With Phil Demmel reflecting, in Catharsis’ wake, that Machine Head “just became a Robb Flynn solo project,” the autocratic affliction hamstringing momentum became painfully obvious. Robb admitted as much himself. “I have held on too tight to the reigns of this band and I have suffocated those guys. I’ve got a lot of drive, but I’ve got a lot of anger and rage, and that drive of mine has alienated folks and the band.”
With all that said, we can’t help but wonder what Machine Head as a ‘solo project’, fully uninhibited, might look like? The so-called “Flynnanigans” at a recent fundraiser for baseball legend Tony La Russa’s Animal Rescue Foundation, headlined by Robb Flynn & Friends (AKA Robb Flynn & The Fabulous Disasters) might just have given us a peek. From Andy Galeon of Death Angel and ex-D.R.I. bassist Harald Oimen to Robb’s son Wyatt Flynn (on cello!) alongside Meg Titchener and Rebecca Roudman of the Oakland Symphony, it’s clear Robb isn’t short of a friend or two. With a set list ranging from Darkness Within to Bruce Springsteen’s Born To Run to The Beatles’ Hey Jude, too, he’s not light on ideas. Clearly, Catharsis’ smorgasbord of styles just scratches the surface of his influence.
PERHAPS IT’S TIME FOR THINGS TO GET REALLY POLITICAL…
America is gearing up for another election cycle. If the circus last time out is any indication of what to expect, we can look forward to a complete and utter shitshow. “Facts – Our president is an a*shole…” read one tweet on November 10 last year, succinctly summing up Robb’s (entirely understandable) outlook on the present American situation. In the rock world. there was a promise that at least these turbulent times would precipitate a new generation of protest music, but few have managed overt statements capable of really ruffling feathers in the era of fake news and disappearing accountability. The sheer blunt-force of the MH man’s anti-Trump sentiment, though, coupled with his recent swerve back towards the more radical genres of punk, hardcore and hip-hop just might be the sort to break through the ever more blusterous forcefield. Let freedom ring with the shotgun blast, indeed…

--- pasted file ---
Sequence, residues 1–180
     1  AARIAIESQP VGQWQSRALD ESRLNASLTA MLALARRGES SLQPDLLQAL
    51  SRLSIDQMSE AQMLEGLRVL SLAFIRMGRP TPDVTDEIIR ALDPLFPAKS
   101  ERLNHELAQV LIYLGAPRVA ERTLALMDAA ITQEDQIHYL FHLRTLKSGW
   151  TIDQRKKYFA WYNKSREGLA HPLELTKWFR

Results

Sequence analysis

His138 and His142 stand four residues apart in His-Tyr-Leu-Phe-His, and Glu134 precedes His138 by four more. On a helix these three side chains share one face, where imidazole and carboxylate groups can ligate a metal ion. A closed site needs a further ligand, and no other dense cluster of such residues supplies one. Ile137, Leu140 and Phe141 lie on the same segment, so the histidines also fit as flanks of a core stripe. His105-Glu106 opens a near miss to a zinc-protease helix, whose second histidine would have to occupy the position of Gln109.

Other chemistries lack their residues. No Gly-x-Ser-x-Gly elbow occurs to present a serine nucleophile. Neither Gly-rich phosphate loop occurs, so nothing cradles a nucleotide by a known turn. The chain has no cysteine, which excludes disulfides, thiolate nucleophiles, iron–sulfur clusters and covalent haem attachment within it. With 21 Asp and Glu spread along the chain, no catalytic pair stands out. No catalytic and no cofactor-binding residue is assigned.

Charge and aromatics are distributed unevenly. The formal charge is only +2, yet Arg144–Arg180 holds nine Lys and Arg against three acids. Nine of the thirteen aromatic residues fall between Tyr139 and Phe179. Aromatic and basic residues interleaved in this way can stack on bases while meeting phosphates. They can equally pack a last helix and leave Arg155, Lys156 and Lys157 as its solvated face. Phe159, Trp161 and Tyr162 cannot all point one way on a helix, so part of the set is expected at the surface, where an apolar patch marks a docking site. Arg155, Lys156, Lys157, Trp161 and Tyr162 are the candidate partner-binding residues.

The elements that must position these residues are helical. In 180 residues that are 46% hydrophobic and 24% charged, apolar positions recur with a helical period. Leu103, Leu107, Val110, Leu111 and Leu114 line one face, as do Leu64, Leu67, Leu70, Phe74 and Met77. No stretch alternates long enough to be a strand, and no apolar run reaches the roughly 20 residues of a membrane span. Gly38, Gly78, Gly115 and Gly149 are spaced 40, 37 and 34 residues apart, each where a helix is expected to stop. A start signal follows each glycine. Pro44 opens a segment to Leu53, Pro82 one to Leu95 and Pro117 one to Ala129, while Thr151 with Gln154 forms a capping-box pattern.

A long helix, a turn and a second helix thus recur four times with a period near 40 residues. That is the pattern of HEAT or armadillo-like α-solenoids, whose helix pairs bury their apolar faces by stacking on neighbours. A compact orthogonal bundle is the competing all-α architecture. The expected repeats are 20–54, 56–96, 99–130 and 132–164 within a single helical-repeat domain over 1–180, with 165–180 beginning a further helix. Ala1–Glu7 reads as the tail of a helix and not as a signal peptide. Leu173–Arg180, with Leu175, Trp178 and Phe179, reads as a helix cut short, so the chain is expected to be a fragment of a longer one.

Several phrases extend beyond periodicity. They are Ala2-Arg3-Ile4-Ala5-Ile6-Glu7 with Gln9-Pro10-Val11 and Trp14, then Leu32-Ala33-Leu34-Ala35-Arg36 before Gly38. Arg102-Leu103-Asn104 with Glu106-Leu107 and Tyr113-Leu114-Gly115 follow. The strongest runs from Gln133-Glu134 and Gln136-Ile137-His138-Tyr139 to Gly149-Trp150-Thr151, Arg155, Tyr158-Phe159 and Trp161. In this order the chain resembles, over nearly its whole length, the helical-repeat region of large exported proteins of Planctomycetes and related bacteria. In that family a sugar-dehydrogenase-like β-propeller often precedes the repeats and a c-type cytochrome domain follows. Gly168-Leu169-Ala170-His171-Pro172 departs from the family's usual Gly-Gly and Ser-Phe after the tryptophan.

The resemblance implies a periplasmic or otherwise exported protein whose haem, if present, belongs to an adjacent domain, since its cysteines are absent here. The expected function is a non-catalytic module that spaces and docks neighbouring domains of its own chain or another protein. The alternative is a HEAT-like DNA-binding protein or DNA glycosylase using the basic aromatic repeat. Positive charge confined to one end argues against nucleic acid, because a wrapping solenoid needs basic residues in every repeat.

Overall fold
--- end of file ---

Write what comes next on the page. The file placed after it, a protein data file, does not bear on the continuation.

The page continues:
The concept of the ‘supergroup’ is a double-edged sword. They’re exciting, but inherently transitory projects. Hence Machine Head will never fall into that category. At the same time, finding musicians – and personalities – of the calibre that simply can’t be written-off as “hired guns” with whom to forge forward will be one of Robb’s greatest challenges steering into the new era.
THEY MAKE THE BEST ALBUM OF THEIR CAREERS
Whatever happens next, we can be sure of one thing: it’ll be absolutely pivotal in the Machine Head story. Of course, Robb’s never been afflicted by the sort of self-doubt to feel the need to prove himself. Chasing the past glories of Burn My Eyes and The Blackening would be an act of self-plagiarism, indeed. But the convergence of enforced reinvention, the admission that it might be best for processes to change, and the advent of the tenth Machine Head LP throws up a unique opportunity to celebrate and to define – or redefine – the headbanging brilliance that’s made them one of the most vital cogs in metal’s engine-room.
And, for any doubters prematurely proclaiming their creative demise, let’s not forget there were 13 years separating unassailable classics Burn My Eyes and The Blackening. We’re almost at the end of another 13-year interval. Whatever shape that “new heaviness” happens to take, here’s hoping they (ten ton) hammer it out of the park.